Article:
CES 2022 was half-virtual, half in-person, and 100% messy, with many of its major announcements coming from companies that has already fled Las Vegas due to COVID concerns. With some tech conferences like MWC plunging ahead with in-person plans while others like E3 preemptively go virtual-only, tech companies and journalists alike have to reimagine how trade shows fit into our new normal.
Many tech sites and CES attendees have speculated that CES 2020 was one of the original super-spreader events for COVID-19, back when no one could reasonably understand what was happening. This year, CES 2022 took place amidst the raging Omicron variant, with everyone involved fully aware of the risks.
"CES will and must go on." So said Consumer Technology Association CEO Greg Shapiro in an opinion piece for the Las Vegas Review Journal, despite most major tech companies and journalism orgs pulling out in response to Omicron. In his words, cancelling would "hurt thousands of smaller companies...counting on CES for their business," while the risk of COVID-19 spread would be "minimal."
Beyond Shapiro's noble vision of CES as "representing the best of our unique American history," money obviously played a role in the decision. KTVU reports CES 2020 brought about $300 million in revenue to Las Vegas, with average visitors spending nearly a grand according to the Review Journal. But thanks to the virtual-only CES 2021, those spend-happy tech tourists largely stayed home.
For Las Vegas and CES, a cancelled or virtual CES 2022 was not an option. Even with initial estimates numbering 2022 attendees at just 50-75K, the organization and the city will make tens of millions it would otherwise have lost. Even if boosted and masked attendees still catch the variant and carry it back across the country, Nevada won't bear the brunt of the medical costs. Why wouldn't they insist on an in-person event?
Tech showcases aren't for us anymore
More importantly for tech fans, some smaller companies managed to go viral (sorry) with their in-person booth demos, in a way they would never have been able to with press releases buried in crowded inboxes.
People paid the most attention to the OnePlus 10 Pro, Playstation VR 2, conceptual Samsung foldables, a new Acer Chromebook destined to be among the best of the year, and other major brands' announcements.
But just as often, we saw Twitter threads on corny Metaverse tie-ins, hyperrealistic robots, and promising experimental tech that'll probably be consumer-ready in a few years, like Somalytics' paper-thin sensors for tracking 3D gestures. In-person CES does give smaller companies a chance to shine.
Ameca is a humanoid robot with uncanny realism #CES2022 pic.twitter.com/8hsIXxVAtoAmeca is a humanoid robot with uncanny realism #CES2022 pic.twitter.com/8hsIXxVAto— Rich DeMuro (@richontech) January 6, 2022January 6, 2022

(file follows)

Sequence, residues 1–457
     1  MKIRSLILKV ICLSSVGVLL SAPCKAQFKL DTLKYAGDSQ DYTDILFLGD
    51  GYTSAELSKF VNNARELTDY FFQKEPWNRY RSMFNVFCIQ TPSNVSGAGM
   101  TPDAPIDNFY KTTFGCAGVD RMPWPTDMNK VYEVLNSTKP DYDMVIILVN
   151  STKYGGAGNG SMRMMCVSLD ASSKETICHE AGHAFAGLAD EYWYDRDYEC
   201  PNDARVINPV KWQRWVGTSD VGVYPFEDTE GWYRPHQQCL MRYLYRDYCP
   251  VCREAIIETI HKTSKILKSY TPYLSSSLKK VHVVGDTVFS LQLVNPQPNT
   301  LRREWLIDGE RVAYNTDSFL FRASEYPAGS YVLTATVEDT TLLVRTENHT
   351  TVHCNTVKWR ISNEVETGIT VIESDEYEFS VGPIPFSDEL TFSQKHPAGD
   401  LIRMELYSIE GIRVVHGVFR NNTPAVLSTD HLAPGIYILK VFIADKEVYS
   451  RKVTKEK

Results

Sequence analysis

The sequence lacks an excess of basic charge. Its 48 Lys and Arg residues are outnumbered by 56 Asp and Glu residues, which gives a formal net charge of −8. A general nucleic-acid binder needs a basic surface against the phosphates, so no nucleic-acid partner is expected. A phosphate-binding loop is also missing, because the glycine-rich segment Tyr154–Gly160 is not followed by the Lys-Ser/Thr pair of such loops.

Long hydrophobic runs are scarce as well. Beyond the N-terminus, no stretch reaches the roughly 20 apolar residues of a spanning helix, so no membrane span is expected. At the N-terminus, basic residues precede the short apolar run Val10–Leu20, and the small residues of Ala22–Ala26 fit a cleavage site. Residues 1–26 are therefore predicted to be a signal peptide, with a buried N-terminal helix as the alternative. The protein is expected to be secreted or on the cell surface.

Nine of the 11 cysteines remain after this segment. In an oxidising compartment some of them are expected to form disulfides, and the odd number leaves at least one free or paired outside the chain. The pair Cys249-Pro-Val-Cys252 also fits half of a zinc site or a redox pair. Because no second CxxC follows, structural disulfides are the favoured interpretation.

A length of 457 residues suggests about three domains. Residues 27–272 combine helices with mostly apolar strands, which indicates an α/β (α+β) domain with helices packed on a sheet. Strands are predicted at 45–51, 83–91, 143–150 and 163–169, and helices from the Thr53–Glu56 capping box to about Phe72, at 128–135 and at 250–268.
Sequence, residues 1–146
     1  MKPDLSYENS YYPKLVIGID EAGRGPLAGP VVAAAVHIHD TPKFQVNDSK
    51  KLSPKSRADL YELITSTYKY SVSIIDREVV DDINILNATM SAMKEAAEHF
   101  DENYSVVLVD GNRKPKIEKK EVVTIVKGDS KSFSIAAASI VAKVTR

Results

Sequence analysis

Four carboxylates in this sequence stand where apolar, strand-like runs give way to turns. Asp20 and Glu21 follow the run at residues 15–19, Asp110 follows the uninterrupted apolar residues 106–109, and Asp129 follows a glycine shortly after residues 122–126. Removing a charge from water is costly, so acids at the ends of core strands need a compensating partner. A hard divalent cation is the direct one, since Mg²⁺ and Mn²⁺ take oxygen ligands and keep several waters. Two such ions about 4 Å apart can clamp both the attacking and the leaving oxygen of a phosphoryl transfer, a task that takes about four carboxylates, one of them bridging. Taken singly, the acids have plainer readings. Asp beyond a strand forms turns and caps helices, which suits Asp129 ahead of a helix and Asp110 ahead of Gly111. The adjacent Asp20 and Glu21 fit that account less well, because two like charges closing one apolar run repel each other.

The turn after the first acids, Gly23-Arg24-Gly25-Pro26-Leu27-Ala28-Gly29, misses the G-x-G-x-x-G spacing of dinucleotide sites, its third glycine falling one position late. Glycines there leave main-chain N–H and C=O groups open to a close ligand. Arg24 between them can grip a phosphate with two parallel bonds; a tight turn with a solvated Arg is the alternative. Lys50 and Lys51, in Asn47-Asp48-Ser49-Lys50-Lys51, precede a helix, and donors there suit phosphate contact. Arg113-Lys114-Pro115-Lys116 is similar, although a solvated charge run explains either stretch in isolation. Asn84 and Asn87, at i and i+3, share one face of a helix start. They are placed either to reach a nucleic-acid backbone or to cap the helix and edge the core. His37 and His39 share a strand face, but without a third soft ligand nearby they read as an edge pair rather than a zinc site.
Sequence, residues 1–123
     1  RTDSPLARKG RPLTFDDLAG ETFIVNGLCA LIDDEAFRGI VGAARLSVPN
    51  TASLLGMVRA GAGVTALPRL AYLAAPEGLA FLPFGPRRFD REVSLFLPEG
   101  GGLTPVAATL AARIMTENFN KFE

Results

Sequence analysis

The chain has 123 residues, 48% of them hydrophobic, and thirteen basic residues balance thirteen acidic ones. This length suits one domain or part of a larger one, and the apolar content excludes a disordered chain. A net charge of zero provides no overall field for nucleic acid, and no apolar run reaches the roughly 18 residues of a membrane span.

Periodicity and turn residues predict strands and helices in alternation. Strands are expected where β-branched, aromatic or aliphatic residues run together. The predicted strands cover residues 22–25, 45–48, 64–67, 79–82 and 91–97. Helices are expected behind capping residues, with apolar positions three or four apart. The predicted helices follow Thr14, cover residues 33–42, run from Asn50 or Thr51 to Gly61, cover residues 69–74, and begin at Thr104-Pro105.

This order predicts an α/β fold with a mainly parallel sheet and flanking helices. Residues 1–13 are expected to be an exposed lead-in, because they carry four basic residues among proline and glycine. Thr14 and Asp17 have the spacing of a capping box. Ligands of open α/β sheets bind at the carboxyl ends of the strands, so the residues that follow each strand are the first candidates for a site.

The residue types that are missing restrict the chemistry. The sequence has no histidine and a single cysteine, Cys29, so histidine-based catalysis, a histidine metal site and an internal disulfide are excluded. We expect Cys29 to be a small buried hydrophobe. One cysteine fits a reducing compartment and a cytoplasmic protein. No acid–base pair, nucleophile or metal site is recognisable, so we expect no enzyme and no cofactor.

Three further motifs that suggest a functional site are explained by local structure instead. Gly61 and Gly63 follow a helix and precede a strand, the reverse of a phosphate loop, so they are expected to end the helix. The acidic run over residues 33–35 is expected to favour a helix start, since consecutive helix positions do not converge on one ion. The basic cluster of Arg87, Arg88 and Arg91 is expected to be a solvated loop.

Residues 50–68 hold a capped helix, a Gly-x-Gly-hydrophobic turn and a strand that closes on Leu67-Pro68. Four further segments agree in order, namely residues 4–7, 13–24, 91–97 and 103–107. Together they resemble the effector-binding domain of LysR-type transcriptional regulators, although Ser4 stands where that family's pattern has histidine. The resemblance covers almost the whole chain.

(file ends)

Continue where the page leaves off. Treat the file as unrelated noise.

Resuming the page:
If we had been able to fly to Las Vegas as originally planned, we could have actually tested out products in person instead of taking press releases at face value, and filmed some of the coolest demos to show you. We could see for ourselves what is hyped up and what truly deserves the hype, and receive more organic and relevant answers from developers during demos than over email.
Instead, the only CES tech product we could put through its paces was the Galaxy S21 FE, which Samsung would have sent us for review regardless.
Still, a controlled, limited hands-on on a show floor isn't likely to show the true measure of a device, just as an E3 demo relies on cutscenes and pre-recorded gameplay to hide the jank underneath. Really, CES is there to get journalists and enthusiasts to buy into the potential of whatever newfangled trend vendors are pushing — which is why we saw so much about the Metaverse this year.
There's a reason CES isn't called "Consumer Electronics Show" anymore. We enjoy the marketing blitz because it gives us a glimpse at potential futures. But more and more, CES is about selling proofs of concept rather than products we'll ever see on a store shelf. Vendors hope to gain enough attention from their patented idea to get acquired by a well-known tech brand or attract some seed money, while the biggest companies trawl CES looking to acquire innovation externally.
The overriding theme from many people I've spoken to at #ces so far is that is kinda boring. Not surprising given the number of companies that have bowed out but the normally packed media days are very quiet. A very weird showThe overriding theme from many people I've spoken to at #ces so far is that is kinda boring. Not surprising given the number of companies that have bowed out but the normally packed media days are very quiet. A very weird show— Nirave 尼拉夫 (@nirave) January 4, 2022January 4, 2022
With the tech industry so coalesced around the largest monopolistic brands, events like CES have become harder for everyday people to enjoy. Any major announcements have probably been leaked already, whereas the smaller announcements may never show up on Amazon.
The "unprecedented times" keep sticking around
If the Omicron variant had emerged a few months earlier, circumstances may have forced CES to close whether the organizers wanted to or not. But the sunk-cost fallacy and some metaphorical sticking-of-fingers-in-ears helped them to proceed. Other 2022 tech events won't be as lucky until conditions improve...again.
I lack the scientific expertise to predict how the ebbs and flows of COVID-19 will pan out by the time CES 2023 rolls around. But we've all heard the platitudes about "living in uncertain times" in commercials for the past two years, and this pandemic keeps stubbornly sticking around. Nowadays, whether or not a tech showcase proceeds in person is all about fortuitous timing and a collective desire to want things to return to normal.